Matchstick and Mozilla today announced its open-source take on the Chromecast: a $25 Firefox OS-powered HDMI dongle. The streaming Internet and media stick will be available first through Kickstarter, in the hopes to drive down the price tag.
Jack Chang, Matchstick General Manager in the US, described the device to me as “essentially an open Chromecast.” He explained that while the MSRP is $25 (Google’s Chromecast retails for $35), the Kickstarter campaign is offering a regular price of $18, and an early bird price of $12.
The startup has set a goal of raising $100,000. The full breakdown is as follows (free shipping in the US, and an additional $5 for international):
- Pledge $2 or more: This is a donation to help support the open hardware and open software platform.
- Pledge $12 or more: The first 500 units will ship at this price.
- Pledge $18 or more: This is the price for everyone else during the Kickstarter campaign.
- Pledge $24 or more: 250 developer units will be available in prototype. This includes access to all SDKs and APIs, and developer support from the Matchstick team.
- Pledge $34 or more: This is the price for two Matchsticks.
- Pledge $160 or more: 10 Matchsticks. US shipping is still free but international shipping cost $10.
- Pledge $10,000 or more: Four Matchsticks and a bunch of Matchstick swag. Oh, and a trip for you and a guest to the 2015 Consumer Electronics Show in Las Vegas (Monday the 5th to Thursday the 8th) including a stay at the Venetian, passes to the show, $200 daily spending money, dinner with the team, and a show one night.
The CES option will naturally occur in January. Matchstick hopes to get the device into developer hands in November, while everyone else is being promised a February release.
Because the Matchstick runs Firefox OS, Mozilla is playing a big role in its debut. It is part of the company’s plan to push the operating system onto more than just smartphones, namely tablets and TVs too.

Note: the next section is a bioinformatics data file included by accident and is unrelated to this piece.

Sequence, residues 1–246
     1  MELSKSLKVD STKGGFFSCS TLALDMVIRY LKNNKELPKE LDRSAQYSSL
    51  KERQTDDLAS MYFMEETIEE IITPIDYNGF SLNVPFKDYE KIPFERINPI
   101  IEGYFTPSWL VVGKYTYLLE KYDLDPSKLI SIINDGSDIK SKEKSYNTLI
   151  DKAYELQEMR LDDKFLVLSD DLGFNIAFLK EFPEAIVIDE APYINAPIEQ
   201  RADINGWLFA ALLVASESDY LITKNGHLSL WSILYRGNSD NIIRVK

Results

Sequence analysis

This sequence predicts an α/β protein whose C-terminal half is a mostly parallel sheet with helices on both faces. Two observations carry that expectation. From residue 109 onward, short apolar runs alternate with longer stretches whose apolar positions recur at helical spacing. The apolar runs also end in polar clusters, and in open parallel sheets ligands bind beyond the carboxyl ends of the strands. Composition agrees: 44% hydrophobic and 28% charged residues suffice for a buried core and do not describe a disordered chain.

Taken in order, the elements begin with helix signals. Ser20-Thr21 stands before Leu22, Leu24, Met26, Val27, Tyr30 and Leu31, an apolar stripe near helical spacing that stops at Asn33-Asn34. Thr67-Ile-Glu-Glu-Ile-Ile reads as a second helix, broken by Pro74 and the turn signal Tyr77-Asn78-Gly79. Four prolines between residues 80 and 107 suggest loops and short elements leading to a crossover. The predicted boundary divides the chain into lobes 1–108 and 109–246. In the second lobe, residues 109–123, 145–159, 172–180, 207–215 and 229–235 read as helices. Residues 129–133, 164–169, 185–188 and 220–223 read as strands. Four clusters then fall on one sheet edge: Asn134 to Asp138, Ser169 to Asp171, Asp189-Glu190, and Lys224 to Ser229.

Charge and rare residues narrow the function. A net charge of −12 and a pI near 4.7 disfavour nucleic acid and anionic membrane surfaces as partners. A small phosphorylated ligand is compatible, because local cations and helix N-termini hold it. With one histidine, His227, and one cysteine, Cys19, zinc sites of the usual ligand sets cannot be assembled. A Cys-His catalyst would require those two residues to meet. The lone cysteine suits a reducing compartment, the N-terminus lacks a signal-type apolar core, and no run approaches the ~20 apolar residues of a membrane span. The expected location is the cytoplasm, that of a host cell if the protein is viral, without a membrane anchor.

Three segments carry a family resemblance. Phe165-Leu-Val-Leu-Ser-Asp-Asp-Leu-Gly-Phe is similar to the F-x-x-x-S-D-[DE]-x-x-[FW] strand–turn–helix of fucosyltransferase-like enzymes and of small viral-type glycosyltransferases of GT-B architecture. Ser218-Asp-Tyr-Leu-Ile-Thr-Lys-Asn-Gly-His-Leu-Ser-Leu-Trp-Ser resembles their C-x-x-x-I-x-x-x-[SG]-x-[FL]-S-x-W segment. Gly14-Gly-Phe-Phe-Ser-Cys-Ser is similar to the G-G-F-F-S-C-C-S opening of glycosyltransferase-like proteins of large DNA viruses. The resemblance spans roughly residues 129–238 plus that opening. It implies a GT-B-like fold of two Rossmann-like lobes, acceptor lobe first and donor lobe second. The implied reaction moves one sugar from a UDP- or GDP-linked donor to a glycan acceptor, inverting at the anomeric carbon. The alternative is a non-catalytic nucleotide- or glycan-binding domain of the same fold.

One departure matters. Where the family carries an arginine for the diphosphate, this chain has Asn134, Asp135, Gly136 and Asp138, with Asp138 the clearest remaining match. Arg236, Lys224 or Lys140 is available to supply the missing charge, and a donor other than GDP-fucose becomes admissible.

The two companies share the same vision: the first streaming stick “free of any walled garden ecosystem.” That means the constraints of Google Play don’t exist.
That being said, Matchstick and Mozilla need developers to create apps, from video to games, for the living room. As such, there is a developer site, a full API library, as well as example sender and receiver apps.
The sender APIs let developers build Android or iOS apps (or edit their existing apps) that can discover a Matchstick device and communicate with a receiver app. Chang told me there are no plans to support Windows Phone or BlackBerry sender apps, but the architecture is there, so it’s certainly a possibility. Firefox OS sender apps, however, are coming.
Here are how sender apps will typically work:
- Scan for Matchstick: The sender app searches for Matchstick devices residing in the same Wi-Fi network as the sender device. The scanning reveals a friendly display name, model and manufacturer, icon, and the device’s IP address. Presented with a list, a user may then select a target device from all those discovered.
- Connect to Matchstick: Both TLS and NON-TLS communication between sender and receiver are supported.
- Launch Receiver App: The sender initiates a negotiation with the target device, launching a receiver app either with the URL of a HTML5 receiver app, or even a Chromecast App ID.
- Establish Message Channels: With the receiver app now launched, Matchstick establishes message channels between the sender and receiver. In addition to a media control channel common to all Matchstick and Chromecast apps, any number of application-specific channels can also be established.
Mozilla is also planning to host an invitation-only Firefox OS App Workshop for Matchstick in San Francisco on November 18; if you’re interested, you can sign up here. Both companies are promising additional developer events around the world.